When bassist and singer Lou Barlow first formed Sebadoh in 1986, he was an early-twentysomething who wrote sublime, brooding songs about youthful angst and heartache. Now in his late 40s, Barlow writes songs under the Sebadoh moniker that are no less introspective. But he's more agitated and inspired by the trappings of adulthood, from the pressures he feels to make money to life lessons he should have learned by now, to how best to care for his children.

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Sports
4:43 am
Wed January 29, 2014

Is There An Economic Benefit To Hosting The Super Bowl?

Originally published on Wed January 29, 2014 12:49 pm

Transcript

STEVE INSKEEP, HOST:

The Super Bowl is just four days away in New York.

RENEE MONTAGNE, HOST:

Actually, New Jersey.

INSKEEP: The teams have arrived at their New York hotels.

MONTAGNE: In New Jersey.

INSKEEP: The game itself will be played at New York's MetLife Stadium.

MONTAGNE: In New Jersey.

INSKEEP: Local towns have been hoping for an economic boost from hosting the big game. But as NPR's Joel Rose reports, some officials in New Jersey complain that tourism dollars seem to be flowing instead to New York City.

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National Security
4:43 am
Wed January 29, 2014

Panel Considers Bin Laden Bodyguard's Stay At Guantanamo

Originally published on Wed January 29, 2014 12:49 pm

Transcript

STEVE INSKEEP, HOST:

Some other news now. One if the longest-term inmates of the Guantanamo Bay prison camp has had a parole hearing yesterday. He's a man from Yemen, allegedly a former bodyguard of Osama bin Laden. Carol Rosenberg of the Miami Herald was among the reporters allowed to see a portion of parole hearing on a video screen.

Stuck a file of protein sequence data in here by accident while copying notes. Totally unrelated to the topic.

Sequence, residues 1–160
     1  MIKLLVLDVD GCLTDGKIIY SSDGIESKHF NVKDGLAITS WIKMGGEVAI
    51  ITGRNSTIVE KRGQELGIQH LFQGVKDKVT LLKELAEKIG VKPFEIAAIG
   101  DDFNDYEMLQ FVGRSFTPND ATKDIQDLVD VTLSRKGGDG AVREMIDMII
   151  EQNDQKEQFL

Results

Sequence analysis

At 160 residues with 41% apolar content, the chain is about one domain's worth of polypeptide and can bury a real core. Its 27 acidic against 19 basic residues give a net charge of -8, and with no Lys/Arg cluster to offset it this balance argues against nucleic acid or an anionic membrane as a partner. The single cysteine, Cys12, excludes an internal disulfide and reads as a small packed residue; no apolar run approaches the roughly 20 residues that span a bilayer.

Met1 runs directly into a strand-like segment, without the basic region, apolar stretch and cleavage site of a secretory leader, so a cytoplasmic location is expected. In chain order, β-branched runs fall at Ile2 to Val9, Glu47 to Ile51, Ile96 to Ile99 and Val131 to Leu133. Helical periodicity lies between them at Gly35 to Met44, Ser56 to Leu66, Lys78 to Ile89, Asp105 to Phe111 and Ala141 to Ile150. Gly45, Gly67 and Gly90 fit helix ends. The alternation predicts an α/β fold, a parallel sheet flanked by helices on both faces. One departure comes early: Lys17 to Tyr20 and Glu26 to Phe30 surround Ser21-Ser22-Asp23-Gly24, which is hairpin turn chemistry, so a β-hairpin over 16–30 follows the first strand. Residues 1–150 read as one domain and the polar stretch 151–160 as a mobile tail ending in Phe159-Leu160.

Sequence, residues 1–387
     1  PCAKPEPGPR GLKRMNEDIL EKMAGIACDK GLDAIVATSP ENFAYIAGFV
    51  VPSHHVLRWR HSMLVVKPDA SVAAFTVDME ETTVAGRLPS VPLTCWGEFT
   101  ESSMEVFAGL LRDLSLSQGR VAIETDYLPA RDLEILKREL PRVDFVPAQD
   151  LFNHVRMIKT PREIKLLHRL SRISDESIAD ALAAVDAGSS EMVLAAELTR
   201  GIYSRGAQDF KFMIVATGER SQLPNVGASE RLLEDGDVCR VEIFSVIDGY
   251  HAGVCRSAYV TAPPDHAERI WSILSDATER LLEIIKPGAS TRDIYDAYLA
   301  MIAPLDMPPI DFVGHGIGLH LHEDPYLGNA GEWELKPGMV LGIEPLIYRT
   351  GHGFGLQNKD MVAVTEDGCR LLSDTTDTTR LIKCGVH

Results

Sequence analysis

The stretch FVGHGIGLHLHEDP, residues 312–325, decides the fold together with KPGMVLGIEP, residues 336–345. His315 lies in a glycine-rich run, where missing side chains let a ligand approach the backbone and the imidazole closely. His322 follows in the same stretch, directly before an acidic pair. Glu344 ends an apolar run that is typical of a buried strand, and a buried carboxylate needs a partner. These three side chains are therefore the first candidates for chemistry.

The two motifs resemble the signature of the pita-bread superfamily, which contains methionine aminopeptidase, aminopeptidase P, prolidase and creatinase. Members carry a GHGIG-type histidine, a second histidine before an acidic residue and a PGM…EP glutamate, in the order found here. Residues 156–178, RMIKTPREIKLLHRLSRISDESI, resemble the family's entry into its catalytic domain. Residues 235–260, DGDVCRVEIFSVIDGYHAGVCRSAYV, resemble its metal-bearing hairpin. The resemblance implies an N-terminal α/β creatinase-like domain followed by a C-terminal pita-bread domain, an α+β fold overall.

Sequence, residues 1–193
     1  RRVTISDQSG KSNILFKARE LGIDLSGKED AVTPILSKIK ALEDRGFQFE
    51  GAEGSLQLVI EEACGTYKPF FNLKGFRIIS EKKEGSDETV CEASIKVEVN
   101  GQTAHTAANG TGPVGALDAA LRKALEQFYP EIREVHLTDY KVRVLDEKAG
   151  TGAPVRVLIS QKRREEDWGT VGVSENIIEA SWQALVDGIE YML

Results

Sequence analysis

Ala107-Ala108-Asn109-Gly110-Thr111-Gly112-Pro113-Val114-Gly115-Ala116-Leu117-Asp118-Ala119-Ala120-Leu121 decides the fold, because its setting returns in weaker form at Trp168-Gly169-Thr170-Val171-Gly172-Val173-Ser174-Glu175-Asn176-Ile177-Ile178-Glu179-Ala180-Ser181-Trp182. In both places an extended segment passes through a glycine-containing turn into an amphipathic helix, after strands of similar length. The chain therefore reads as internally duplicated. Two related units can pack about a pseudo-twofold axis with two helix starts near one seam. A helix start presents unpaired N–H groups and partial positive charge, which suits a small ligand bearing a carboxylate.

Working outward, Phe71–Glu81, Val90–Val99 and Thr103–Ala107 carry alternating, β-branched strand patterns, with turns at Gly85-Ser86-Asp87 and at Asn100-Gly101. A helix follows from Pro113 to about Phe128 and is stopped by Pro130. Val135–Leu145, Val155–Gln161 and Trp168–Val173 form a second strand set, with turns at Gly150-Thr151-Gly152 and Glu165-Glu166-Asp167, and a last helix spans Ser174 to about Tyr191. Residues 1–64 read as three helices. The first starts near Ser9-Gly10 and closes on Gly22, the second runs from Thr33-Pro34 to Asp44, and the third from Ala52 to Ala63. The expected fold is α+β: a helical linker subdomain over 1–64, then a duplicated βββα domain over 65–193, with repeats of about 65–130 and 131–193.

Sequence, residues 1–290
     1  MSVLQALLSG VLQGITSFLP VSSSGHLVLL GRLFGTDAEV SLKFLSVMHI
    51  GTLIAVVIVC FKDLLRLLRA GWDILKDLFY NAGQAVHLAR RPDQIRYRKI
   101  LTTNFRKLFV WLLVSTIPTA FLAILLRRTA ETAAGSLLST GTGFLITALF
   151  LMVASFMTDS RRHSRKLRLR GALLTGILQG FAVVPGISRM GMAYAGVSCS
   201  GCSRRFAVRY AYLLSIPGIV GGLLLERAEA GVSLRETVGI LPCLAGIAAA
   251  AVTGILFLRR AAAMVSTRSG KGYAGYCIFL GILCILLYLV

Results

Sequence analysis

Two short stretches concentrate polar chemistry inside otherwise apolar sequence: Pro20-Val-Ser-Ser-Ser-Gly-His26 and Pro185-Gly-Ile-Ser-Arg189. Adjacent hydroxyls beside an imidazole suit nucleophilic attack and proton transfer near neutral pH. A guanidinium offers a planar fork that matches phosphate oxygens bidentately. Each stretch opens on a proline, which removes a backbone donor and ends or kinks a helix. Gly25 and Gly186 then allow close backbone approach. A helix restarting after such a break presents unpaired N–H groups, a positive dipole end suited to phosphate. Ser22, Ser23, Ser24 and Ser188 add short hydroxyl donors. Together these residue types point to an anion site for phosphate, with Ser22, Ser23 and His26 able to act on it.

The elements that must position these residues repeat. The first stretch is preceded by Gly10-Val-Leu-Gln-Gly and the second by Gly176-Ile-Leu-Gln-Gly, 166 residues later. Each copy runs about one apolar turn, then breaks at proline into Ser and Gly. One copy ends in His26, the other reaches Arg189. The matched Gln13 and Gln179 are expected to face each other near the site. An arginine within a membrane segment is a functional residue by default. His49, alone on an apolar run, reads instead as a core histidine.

CAROL ROSENBERG: We saw Abdul Malik Wahab al Rahabi, a man who arrived on the day that Guantanamo Prison opened, sitting at a table while his advocates made an argument that he should be allowed to someday go home.

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NPR Story
4:43 am
Wed January 29, 2014

Traffic Comes To Halt Around Atlanta But Baby Couldn't Wait

Originally published on Wed January 29, 2014 12:49 pm

Transcript

RENEE MONTAGNE, HOST:

Good morning. I'm Renee Montagne. Snow and ice sweeping through the South caused an epic traffic jam yesterday around Atlanta. One couple stuck on the freeway found themselves in a different kind of jam. Their unborn baby wouldn't wait to get to the hospital. So the father and a local police officer helped deliver the baby girl right there in the middle of afternoon rush hour. Mother and baby ultimately made it to the hospital, and yes, they are doing fine. It's MORNING EDITION. Transcript provided by NPR, Copyright NPR.

Shots - Health News
2:59 am
Wed January 29, 2014

Ancient Plague's DNA Revived From A 1,500-Year-Old Tooth

Graduate student Jennifer Klunk of McMaster University examines a tooth used to decode the genome of the ancient plague.
Courtesy of McMaster University

Originally published on Thu January 30, 2014 11:11 am

Scientists have reconstructed the genetic code of a strain of bacteria that caused one of the most deadly pandemics in history nearly 1,500 years ago.

They did it by finding the skeletons of people killed by the plague and extracting DNA from traces of blood inside their teeth.

This plague struck in the year 541, under the reign of the Roman emperor Justinian, so it's usually called the Justinian plague. The emperor actually got sick himself but recovered. He was one of the lucky ones.